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Bulls, water-levels and other things

HS Thomas
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Joined: May 15, 2002
Posts: 3404
Maury the bull has just swallowed a time-bomb that is going to go off in 10 minutes.

How would you best describe the situation?

Angelo is in his boat in his pool about to lower a solid bronze sculpture into his pool. The sculpture has to be moved to it's throne which is at the bottom of the pool. Once placed on the throne, will the water in the pool have risen , fallen or stayed the same level.


Will the water level rise , fall, or stay the same when the sculpture is fully sub-merged but has not yet touched bottom ?

regards
[ September 11, 2003: Message edited by: HS Thomas ]
Joel McNary
Bartender

Joined: Aug 20, 2001
Posts: 1821

Ugh. That first joke/puzzle is just abominable!
Secondly, the water level in the lake will have fallen. While the scuplture is in the boat, it dislpaces water by weight. However, once it is on the throne, it will displace by volume. Since the statue sinks, the density is greater than water's, so displacement by volume is less than displacement by weight, so the water level falls.
While it is sinking, I guess that the level will remain constant (since it still displcing by weight), but I'm not sure...I can see it both ways. Time to get me a swimming pool, throne, statue, and boat and see what happens.


Piscis Babelis est parvus, flavus, et hiridicus, et est probabiliter insolitissima raritas in toto mundo.
Vinod John
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Joined: Jun 23, 2003
Posts: 162
Are these two diff questions ??? look like it is
For the second, the water level should not rise or fall because before the statue is lowered inside the pool, its weight has displaced equivalent volume of water (ie., weight of water equal to its waight is displaced).
Did my explaination make any sense ?
BTW, great picture
Vinod John
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Joined: Jun 23, 2003
Posts: 162
Originally posted by Joel McNary:

displacement by volume is less than displacement by weight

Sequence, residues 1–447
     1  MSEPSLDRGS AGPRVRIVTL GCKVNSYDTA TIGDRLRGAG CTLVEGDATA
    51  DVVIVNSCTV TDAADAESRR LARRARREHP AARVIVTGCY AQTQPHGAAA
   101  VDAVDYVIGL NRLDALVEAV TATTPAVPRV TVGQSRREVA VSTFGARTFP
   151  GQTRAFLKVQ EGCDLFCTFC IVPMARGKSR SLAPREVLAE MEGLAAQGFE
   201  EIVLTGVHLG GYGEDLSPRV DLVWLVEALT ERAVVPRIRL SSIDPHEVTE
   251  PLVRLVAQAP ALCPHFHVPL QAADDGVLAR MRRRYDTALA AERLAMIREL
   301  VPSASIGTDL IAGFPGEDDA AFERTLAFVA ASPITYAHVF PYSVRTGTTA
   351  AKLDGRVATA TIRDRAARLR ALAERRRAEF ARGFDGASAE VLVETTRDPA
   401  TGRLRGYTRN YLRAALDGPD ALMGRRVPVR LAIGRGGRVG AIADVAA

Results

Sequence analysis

but the statue hasn't reach the bottom is it, so will this apply in this situation
[ September 11, 2003: Message edited by: Vinod John ]
HS Thomas
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Joined: May 15, 2002
Posts: 3404
I don't know. I haven't looked at the answer that closely yet. I'm still trying to get my head around the problem.
In case you missed Joel's comment.
Joel had the right answer to the joke.
A-bomb-in-a-bull!
regards
[ September 12, 2003: Message edited by: HS Thomas ]
HS Thomas
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Joined: May 15, 2002
Posts: 3404
The answer to the first half: The water level will fall.
Why ? When in the boat the statue pushes the boat down (thereby raising the water up around the boat) by an amount of water equal to the weight of the object. Once on the bottom and not attached to the boat, the sculpture will only cause the water to rise by an amount equal to the volume of water displaced. Bronze is extremeley dense so the weight of the sculpture displaces more water than the volume.
The answer to the bonus question : Believe it or not the water level will not change until the statue touches the bottom and the pressure on the rope is released.

Actually, I didn't show the rope.I should have added that the statue was gently lowered by some rope-pulley mechanism.
Hope this explanation is reasonable.

regards
[ September 13, 2003: Message edited by: HS Thomas ]
HS Thomas
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Joined: May 15, 2002
Posts: 3404
Just checking your answers again, Joel and Vinod, it seems you both are spot on. I think Joel answered the first and Vinod the second.

I still didn't get it. . I will one day.
regards
Bert Bates
author
Sheriff

Joined: Oct 14, 2002
Posts: 8829
    
    5
I haven't reviewed this in detail, but I have to take issue with the idea that density is related to displacement. A cubic foot of aluminum will displace the same amount of water as a cubic foot of lead.


Spot false dilemmas now, ask me how!
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Joel McNary
Bartender

Joined: Aug 20, 2001
Posts: 1821

Originally posted by Bert Bates:
I haven't reviewed this in detail, but I have to take issue with the idea that density is related to displacement. A cubic foot of aluminum will displace the same amount of water as a cubic foot of lead.

When they are underwater, yes, they will. However, when they are in the boat (not submerged), the lead will displace more than the aluminum. This is the basic principle that Archimedes discovered, causing him to streak Athens shouting "Eureka!" You see, he could say that because he had just come from a bath, and he didn't reek-a.
Don't laugh, it wasn't that funny.

----------
and the pressure on the rope is released.
Ah- he was using a rope to lower it! OK then, yes, the level will not change. I thought that he jsut threw it overboard....
Bert Bates
author
Sheriff

Joined: Oct 14, 2002
Posts: 8829
    
    5
Joel -
The boat idea is a mind bender...
If we assume REALLY STRONG hulls, a black hole loaded onto an aircraft carrier will displace a lot more water than that same black hole loaded onto a rowhoat...
So, does the answer to the original question depend on the dimensions of the boat? Umm, maybe not, I guess if the boat is still floating, then the weight displacement (rowboat or ship), should be the same...
While the statue is 'suspended' in the water the combination of the water displacement and the remaining weight displacement should leave the water level the same, and when the statue is placed on the throne, the boat's total weight will drop, to the water level will rise.
That's my answer and I'm sticking to it...
(I know, I know I'm late, but I just HAD to work it out for myself :roll: )
Jim Yingst
Wanderer
Sheriff

Joined: Jan 30, 2000
Posts: 18671